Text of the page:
members and guests attended the meeting and Guido Civielle, president, welcomed visitor* from
St. Joseph's PT A, Dover and Dennison St. Mary's PT A. Pictured above a* the panel discussion got
under way are Father Thoma* Duffy, Dean of Discipline, St. Charles school, Columbus Fred SchneL
der, Adam Fishel and Probate Judge Ralph Finley.
s
Many Mau Maus
Become Catholics
Before Execution
LONDON (NC) When a
noted English Catholic author
visited a prison in Kenya. Britain's
troubled African colony, he found
that nine out of ten of the con
demned Mau Mau anti-white ter
rorists become Catholics before
their execution.
The author is Graham Greene,
who described his experiences in
an article published in the Sunday
Times here.
“Perhaps.” he said, “it is the
personality of one Irish priest who
begins instructing them as soon
as they ha\e been sentenced, and
spends the last night in the con
demned cell with them
Let a lunes Classified dispose ot
those no-longer-needed-items
WE PAY YOU
6% INTEREST
Let Your Money
Work For You.
Offer Limited to State of Ohio.
COLUMBUS DISCOUNT
AND LOAN
.*» E. BROAF* HT.
Celnmbaa, Ohio
FL.
A Restaurant Meal
What a Wonderful
Change!
Come on in and relax os er a de
licious meal, cooked to perfec
tion and graciously served A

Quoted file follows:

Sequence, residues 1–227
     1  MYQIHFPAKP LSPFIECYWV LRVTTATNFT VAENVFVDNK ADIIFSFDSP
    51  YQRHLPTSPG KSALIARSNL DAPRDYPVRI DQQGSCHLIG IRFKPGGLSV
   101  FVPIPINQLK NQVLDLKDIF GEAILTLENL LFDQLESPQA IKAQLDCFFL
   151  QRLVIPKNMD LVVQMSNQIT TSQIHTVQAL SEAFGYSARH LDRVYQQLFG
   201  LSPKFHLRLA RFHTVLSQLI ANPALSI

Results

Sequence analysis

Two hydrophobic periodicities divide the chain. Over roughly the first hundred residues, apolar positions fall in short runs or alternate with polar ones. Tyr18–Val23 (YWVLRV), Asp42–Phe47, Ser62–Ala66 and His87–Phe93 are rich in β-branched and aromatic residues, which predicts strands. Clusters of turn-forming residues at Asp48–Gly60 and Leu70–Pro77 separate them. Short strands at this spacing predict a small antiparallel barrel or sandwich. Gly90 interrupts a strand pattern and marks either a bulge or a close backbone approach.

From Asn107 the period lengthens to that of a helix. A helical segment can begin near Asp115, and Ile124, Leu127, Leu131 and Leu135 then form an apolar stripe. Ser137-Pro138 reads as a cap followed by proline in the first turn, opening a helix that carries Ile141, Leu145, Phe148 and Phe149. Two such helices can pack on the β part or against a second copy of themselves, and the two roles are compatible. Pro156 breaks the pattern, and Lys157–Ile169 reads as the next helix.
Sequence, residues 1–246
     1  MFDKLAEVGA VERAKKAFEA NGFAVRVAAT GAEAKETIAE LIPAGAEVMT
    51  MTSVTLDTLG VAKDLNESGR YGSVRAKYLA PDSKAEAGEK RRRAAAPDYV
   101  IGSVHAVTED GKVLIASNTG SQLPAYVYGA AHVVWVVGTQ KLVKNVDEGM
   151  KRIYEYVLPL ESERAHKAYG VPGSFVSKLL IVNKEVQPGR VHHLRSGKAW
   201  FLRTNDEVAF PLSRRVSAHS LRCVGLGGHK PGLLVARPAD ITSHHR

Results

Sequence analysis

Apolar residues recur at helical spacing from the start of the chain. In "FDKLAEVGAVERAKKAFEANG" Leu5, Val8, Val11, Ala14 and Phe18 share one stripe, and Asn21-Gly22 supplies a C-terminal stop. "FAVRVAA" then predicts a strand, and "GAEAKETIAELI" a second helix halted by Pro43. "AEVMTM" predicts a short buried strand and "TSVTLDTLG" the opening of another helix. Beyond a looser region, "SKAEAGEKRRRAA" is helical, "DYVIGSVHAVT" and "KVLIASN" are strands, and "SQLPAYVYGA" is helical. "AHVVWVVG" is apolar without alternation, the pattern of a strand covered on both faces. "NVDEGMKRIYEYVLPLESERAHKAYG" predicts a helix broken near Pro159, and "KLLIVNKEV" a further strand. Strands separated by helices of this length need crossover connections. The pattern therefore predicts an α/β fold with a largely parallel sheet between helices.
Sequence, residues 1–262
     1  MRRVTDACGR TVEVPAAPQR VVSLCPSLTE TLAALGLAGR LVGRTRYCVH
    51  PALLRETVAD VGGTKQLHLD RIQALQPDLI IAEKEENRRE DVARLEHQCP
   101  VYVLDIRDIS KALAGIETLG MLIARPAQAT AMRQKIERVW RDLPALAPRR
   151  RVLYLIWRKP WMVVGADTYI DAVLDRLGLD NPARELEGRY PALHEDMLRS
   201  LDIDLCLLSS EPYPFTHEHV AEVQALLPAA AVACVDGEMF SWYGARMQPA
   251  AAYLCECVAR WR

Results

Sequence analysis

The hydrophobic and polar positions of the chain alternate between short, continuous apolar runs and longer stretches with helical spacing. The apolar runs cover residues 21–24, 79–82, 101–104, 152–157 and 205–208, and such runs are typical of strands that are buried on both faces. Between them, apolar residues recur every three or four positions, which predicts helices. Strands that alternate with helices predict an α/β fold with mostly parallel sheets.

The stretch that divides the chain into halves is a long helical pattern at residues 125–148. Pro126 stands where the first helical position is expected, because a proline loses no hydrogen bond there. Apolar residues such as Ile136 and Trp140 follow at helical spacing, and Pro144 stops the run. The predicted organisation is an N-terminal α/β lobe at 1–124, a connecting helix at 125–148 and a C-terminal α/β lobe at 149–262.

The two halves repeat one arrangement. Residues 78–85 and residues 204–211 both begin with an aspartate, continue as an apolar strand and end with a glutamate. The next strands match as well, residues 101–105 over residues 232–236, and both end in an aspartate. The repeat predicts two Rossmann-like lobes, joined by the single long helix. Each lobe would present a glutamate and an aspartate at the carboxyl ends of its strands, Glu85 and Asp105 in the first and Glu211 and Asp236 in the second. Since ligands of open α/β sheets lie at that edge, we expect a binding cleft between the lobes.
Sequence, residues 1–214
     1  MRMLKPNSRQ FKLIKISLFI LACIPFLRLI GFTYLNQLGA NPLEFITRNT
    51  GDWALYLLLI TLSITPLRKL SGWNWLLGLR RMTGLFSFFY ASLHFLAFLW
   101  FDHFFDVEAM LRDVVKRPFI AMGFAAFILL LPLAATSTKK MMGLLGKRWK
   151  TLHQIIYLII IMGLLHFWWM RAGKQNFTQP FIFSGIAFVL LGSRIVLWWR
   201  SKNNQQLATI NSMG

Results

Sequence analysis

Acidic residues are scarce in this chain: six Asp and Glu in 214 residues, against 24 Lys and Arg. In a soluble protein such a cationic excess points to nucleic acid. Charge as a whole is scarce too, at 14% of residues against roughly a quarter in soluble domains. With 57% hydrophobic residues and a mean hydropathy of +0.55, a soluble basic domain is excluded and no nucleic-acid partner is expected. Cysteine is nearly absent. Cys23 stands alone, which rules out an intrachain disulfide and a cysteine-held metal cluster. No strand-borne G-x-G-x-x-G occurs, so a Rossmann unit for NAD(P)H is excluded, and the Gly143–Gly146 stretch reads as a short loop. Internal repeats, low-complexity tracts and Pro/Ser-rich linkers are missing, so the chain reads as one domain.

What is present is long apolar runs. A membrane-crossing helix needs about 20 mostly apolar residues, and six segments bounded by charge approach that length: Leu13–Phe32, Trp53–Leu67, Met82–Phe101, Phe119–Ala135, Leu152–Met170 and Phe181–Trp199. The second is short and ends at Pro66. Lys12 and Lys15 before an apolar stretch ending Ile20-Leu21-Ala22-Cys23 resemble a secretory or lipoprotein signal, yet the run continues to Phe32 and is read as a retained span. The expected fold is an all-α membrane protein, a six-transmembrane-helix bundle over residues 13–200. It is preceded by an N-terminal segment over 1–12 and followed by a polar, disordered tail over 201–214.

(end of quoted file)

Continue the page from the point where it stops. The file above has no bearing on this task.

welcome refresher any day of
the week.
PATRONIZE THESE RESTAURANTS
They Know Your Fast Day Requirements
$T. CHRISTOPHER
THE FLAME
Famous for Fine Food
Grandview Av*. Near 5th Ave.
KI. 0124
...FIRST with aluminum two-track ventilating win
dows
.. .FIRST with ADJUSTO-CHANNEL storm windows.
.. .FIRST with beautiful, strengthening serrated lines!
.. .FIRST with "safety first” insert release'
.. .FIRST with both double and triple interlocking!
.. .FIRST with genuine self-storing aluminum screens’
...FIRST with all-aluminum storm and screen doors’.
...FIRST with Goodrich-developed GEON weather
locking I
...FIRST with GEON weatherstripping on all glass
inserts!
...FIRST AGAIN WITH EXCLUSIVE 4-CHANNEL
DESIGN AND OPERATION!
No Money Down
3 Years to Pay
OR PHONE
HOLY FAMILY
McKinley Restaurant
HOME COOKING
Beer Wine
Phon* RA. 0260
1647 McKinley Ave.
Mrs. Antolino
LU 3085
Columbus, Ohio
KI. 0398

xml | txt